Before Adam

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McKinlay, Stone & Mackenzie, 1915 - Boxers (Sports) - 410 pages
 

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LibraryThing Review

User Review  - OccassionalRead - www.librarything.com

My name is Adam so this slim softcover, obviously old and from whence it came, who knows?, had always dimly called out to me, "read me, read me." But I never did, for decades. But happy childhood ... Read full review

LibraryThing Review

User Review  - la2bkk - LibraryThing

A brief and interesting "firsthand" account of our ancient ancestor's daily life experiences. I have never found London's works to be sophisticated, and certainly this book is more fantasy than real science based fiction. Nonetheless, an enjoyable and easy read worth your time. Read full review

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Page 221 - Post-Office, was already a waste of smoking ruins. Here and there through the smoke, creeping warily under the shadows of tottering walls, emerged occasional men and women. It was like the meeting of the handful of survivors after the day of the end of the world.
Page 3 - It was cf a quality and kind that transcended all my experiences. For instance, I was a city boy, a city child, rather, to whom the country was an unexplored domain. Yet I never dreamed of cities; nor did a house ever occur in any of my dreams. Nor, for that matter, did any of my human kind ever break through the wall of my sleep.
Page 7 - Ah, those endless forests, and their horror-haunted gloom! For what eternities have I wandered through them, a timid, hunted creature, starting at the least sound, frightened of my own shadow, keyedup, ever alert and vigilant, ready on the instant to dash away in mad flight for my life. For I was the prey of all manner of fierce life that dwelt in the forest, and it was in ecstasies of fear that I fled before the hunting monsters.
Page 170 - All the fleeing strength in his body gathered itself together for the lightning lucky punch. Even as Joe slipped, the other smote him, fairly on the point of the chin. He went over backward. Genevieve saw his muscles relax while he was yet in the air, and she heard the thud of his head on the canvas.
Page 27 - Every bit of flesh an* blood an' muscle is clean right down to the bones — and they're clean, too. No soap and water only on the skin, but clean all the way in. I tell you it feels clean. It knows it's clean itself. When I wake up in the morning an* go to work, every drop of blood and bit of meat is shouting right out that it is clean.
Page 169 - He was the beast incarnate, roaring and raging and being destroyed. He was smashed down to his knees, but refused to take the count, staggering to his feet only to be met stiff-handed on the mouth and sent hurling back against the ropes. " In sore travail — gasping, reeling, panting, with glazing eyes and sobbing breath, grotesque and heroic, fighting to the last, striving to get at his antagonist — he surged and was driven about the ring. And in that moment Joe's foot slipped on the wet canvas....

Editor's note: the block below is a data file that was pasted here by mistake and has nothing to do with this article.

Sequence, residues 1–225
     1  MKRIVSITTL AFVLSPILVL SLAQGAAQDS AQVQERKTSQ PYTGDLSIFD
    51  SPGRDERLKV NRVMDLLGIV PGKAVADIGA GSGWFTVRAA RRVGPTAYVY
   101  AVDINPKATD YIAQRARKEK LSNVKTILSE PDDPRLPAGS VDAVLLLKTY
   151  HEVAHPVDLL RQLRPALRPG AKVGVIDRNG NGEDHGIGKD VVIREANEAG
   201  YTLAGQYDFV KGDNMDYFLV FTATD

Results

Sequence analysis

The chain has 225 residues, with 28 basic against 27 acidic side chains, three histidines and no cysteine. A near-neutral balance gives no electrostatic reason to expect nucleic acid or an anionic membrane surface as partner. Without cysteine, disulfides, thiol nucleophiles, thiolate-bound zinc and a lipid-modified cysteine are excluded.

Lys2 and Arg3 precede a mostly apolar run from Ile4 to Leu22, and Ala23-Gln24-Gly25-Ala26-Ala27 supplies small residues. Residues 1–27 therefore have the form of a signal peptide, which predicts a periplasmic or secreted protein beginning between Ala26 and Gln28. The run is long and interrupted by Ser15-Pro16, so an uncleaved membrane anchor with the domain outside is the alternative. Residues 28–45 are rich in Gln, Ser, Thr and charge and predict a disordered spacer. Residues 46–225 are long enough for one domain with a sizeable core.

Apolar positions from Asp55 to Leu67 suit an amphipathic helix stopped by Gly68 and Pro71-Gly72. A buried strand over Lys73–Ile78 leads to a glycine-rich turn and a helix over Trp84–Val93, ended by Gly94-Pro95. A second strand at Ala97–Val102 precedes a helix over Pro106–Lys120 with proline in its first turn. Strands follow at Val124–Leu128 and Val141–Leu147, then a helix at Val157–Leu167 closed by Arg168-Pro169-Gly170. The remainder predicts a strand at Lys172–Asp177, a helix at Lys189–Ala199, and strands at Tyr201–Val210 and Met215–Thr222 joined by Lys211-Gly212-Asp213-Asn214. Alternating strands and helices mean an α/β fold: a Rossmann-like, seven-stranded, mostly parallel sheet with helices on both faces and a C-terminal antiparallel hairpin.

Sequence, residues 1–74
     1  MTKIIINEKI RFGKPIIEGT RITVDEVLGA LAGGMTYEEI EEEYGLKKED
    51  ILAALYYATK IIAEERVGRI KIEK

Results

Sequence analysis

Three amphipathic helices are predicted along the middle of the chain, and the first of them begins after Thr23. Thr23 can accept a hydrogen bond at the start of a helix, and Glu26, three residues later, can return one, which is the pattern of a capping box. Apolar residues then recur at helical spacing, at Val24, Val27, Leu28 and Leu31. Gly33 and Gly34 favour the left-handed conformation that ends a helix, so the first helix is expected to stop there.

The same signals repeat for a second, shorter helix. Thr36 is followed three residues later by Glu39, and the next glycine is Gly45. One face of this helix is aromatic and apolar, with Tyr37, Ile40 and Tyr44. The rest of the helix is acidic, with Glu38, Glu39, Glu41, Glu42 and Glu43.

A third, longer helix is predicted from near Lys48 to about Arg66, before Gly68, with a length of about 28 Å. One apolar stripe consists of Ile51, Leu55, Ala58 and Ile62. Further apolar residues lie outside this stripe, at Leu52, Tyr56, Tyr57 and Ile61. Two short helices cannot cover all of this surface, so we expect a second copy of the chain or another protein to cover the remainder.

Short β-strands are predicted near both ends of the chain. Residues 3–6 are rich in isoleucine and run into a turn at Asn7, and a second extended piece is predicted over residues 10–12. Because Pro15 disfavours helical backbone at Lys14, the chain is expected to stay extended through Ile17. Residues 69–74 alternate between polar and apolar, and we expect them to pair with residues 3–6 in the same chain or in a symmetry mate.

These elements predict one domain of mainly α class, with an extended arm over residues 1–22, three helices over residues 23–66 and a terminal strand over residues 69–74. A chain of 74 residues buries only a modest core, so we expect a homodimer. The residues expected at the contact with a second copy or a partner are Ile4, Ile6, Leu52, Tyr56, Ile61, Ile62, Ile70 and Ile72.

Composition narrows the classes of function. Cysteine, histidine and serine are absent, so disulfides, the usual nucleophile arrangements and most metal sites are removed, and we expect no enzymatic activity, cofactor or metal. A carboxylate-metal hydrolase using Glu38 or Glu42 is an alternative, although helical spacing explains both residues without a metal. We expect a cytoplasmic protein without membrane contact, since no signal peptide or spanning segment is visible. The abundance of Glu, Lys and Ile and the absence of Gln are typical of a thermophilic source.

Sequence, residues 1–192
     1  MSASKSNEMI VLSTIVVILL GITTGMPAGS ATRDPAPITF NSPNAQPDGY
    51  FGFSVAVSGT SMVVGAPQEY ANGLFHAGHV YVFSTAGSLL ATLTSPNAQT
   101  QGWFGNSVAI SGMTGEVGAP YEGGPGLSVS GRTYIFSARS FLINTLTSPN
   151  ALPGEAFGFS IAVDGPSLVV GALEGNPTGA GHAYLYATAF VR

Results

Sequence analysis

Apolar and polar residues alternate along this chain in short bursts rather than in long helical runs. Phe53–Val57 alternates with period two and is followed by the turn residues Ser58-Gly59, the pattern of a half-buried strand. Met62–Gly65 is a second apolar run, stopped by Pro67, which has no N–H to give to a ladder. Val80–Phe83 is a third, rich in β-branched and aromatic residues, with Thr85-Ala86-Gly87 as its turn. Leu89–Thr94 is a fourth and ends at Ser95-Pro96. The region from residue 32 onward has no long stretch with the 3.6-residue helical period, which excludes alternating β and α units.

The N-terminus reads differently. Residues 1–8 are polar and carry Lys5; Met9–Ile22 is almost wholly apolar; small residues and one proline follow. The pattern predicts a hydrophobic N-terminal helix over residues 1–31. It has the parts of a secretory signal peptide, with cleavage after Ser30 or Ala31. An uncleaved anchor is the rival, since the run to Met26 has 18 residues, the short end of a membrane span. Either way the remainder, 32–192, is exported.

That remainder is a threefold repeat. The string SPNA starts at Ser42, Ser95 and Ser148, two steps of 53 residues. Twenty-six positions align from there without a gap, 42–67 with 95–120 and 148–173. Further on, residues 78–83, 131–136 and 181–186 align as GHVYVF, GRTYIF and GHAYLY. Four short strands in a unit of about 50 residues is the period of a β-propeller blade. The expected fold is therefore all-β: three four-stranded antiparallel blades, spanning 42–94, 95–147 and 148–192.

Page 117 - Dresden china, to be handled gently and with care, liable to be shattered to fragments by the first rough touch. John Ponta, stripped of his white sweater by the pulling and hauling of two of his seconds, came to the centre of the ring. She knew terror as she looked at him. Here was the fighter — the beast with a streak for a forehead, with beady eyes under lowering and bushy brows, flat-nosed, thick-lipped, sullenn8 THE GAME mouthed.
Page 227 - I often wonder about this line of descent. I, the modern, am incontestably a man; yet I, Big-Tooth, the primitive, am not a man. Somewhere, and by straight line of descent, these two parties to my dual personality were connected. Were the Folk, before their destruction, in the process of becoming men ? And did I and mine carry through this process ? On the other hand, may not some descendant of mine have gone in to the Fire People and become one of them ? I do not know. There is no way of learning.
Page 11 - Ogres and bugaboos and I had been happy bed-fellows, compared with these terrors that made their bed with me throughout my childhood, and that still bed with me, now, as I write this, full of years.
Page 179 - This, then, was the end of it all — of the carpets, and furniture, and the little rented house ; of the meetings and walking out, the thrilling nights of starshine, the deliciousness of surrender, the loving and the being loved. She was stunned by the awful facts of this Game she did not understand...

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